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Effects of Sodium Chloride on Acidic Nanoscale Pores Between Steel and Cement
- Olsen, Richard, Leirvik, Kim Nes, Kvamme, Bjørn, Kuznetsova, Tatiana
- The Journal of Physical Chemistry C 2016 v.120 no.51 pp. 29264-29271
- Gibbs free energy, adsorption, bicarbonates, calcium carbonate, calcium oxide, carbon dioxide, carbon sequestration, cement, clay, corrosion, desorption, ions, iron oxides, molecular dynamics, pH, saline water, simulation models, sodium, sodium chloride, steel, temperature, wells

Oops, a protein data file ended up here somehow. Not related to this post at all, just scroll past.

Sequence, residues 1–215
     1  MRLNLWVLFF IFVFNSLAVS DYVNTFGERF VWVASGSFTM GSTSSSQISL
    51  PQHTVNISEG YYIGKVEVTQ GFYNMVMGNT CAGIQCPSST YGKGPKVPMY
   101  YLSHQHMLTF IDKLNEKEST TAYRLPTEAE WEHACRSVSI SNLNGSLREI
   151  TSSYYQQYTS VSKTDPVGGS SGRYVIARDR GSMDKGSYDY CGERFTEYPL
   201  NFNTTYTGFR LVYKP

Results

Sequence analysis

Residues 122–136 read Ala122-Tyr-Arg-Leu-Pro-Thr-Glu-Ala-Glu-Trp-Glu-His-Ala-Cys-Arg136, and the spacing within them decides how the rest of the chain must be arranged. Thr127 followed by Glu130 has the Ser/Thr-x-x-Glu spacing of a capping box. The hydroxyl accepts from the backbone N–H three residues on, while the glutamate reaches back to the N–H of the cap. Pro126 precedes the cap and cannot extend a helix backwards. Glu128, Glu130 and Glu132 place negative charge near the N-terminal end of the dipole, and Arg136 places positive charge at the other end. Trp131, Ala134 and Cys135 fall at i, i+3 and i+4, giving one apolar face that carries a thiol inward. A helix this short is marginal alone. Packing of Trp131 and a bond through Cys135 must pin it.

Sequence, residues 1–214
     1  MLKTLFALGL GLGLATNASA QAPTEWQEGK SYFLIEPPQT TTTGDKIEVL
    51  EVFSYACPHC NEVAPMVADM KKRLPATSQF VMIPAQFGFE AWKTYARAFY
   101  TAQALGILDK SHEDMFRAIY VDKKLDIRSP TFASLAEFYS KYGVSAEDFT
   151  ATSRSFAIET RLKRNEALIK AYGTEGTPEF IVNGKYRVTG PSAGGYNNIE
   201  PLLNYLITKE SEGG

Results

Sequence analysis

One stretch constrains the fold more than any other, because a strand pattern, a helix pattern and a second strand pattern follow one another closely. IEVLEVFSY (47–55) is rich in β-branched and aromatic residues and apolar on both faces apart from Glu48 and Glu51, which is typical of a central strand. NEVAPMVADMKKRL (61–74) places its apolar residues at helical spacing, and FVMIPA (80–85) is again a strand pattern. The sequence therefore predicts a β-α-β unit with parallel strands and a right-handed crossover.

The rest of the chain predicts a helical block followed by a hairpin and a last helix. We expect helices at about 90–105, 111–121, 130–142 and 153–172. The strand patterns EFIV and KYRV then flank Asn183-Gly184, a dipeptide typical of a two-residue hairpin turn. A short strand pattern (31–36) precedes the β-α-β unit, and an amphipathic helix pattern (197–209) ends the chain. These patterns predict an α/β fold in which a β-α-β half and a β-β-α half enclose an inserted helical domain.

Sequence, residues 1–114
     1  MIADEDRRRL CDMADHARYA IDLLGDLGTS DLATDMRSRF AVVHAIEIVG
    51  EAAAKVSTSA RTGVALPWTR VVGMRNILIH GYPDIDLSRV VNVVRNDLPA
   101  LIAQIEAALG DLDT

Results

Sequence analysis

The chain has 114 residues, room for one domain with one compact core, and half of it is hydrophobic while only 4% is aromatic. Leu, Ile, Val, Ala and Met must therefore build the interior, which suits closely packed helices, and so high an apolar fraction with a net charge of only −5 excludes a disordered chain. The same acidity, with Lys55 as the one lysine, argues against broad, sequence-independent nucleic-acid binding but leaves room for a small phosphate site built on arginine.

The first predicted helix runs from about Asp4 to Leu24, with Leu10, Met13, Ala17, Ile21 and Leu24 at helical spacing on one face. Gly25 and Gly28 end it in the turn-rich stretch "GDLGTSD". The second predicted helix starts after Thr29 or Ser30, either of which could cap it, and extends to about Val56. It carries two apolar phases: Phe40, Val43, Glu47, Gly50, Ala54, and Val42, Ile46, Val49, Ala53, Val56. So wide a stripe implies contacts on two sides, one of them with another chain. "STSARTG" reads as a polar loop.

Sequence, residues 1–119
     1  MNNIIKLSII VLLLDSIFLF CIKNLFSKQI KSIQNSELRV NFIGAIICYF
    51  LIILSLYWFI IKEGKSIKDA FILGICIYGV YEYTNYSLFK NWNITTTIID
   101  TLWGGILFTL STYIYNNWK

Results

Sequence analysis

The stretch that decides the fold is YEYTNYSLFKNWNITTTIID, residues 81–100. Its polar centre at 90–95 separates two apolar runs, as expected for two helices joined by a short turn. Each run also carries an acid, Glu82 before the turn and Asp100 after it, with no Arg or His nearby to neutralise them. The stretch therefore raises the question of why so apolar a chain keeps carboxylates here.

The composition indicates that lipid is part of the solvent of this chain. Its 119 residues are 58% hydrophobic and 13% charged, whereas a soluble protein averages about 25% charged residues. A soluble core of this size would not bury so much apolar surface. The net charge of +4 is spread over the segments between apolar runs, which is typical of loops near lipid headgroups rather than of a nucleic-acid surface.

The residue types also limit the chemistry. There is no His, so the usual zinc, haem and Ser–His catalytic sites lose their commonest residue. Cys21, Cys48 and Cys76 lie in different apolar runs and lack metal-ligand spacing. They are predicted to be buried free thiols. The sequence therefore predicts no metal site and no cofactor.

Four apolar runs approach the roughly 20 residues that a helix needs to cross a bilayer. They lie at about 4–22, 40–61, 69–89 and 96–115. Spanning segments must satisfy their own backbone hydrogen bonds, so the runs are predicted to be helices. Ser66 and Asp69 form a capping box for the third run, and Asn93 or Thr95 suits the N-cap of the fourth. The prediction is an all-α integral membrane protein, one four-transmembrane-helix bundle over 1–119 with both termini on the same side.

- Carbon capture and storage is an attractive method of reducing carbon dioxide release to the atmosphere. One possibility is to inject carbon dioxide into underground aquifers. Injection wells consist of steel casings supported by cement (or plugged by cement, if abandoned), which contains large quantities of calcium oxide that can react with carbon dioxide to form calcium carbonate. Cement also contains various other clay materials similar to calcium carbonate. Pores between steel and cement make an ideal environment for corrosion due to saltwater and even more so due to the acidic environment, which may reach pH < 3, depending on temperature and pressure. Thus, surfaces of the pores transform into calcium carbonate and iron oxide, potentially reducing the integrity of the wells. Sodium and chloride ions will arrange in distinct layers reaching approximately one nanometer outside the surface and will interact with the acidic environment. To properly understand how adsorbed sodium chloride affects corrosion processes at the nanoscale we employed molecular dynamics simulations, where effects on adsorption free energies and density profiles were investigated. It was found that water densities within one nanometer from the surfaces were reduced as a consequence of adsorbed sodium chloride, thus lowering the absolute value of water adsorption free energy. Furthermore, even small amounts of hydronium and bicarbonate could alter the qualitative behavior of sodium and chloride density profiles. However, the strongest effects of adsorbed sodium and chloride ions were seen on free energies of hydronium and bicarbonate. Absolute values of adsorption free energies, as well as desorption free energy barriers, decreased at both surfaces for positive ionic species and increased for negative ionic species, suggesting that the primary mechanism was of an electrostatic nature. It was found that all major changes in free energy, due to adsorbed sodium chloride, were caused by interactions with the first layer of adsorbed sodium and the first layer of adsorbed chloride.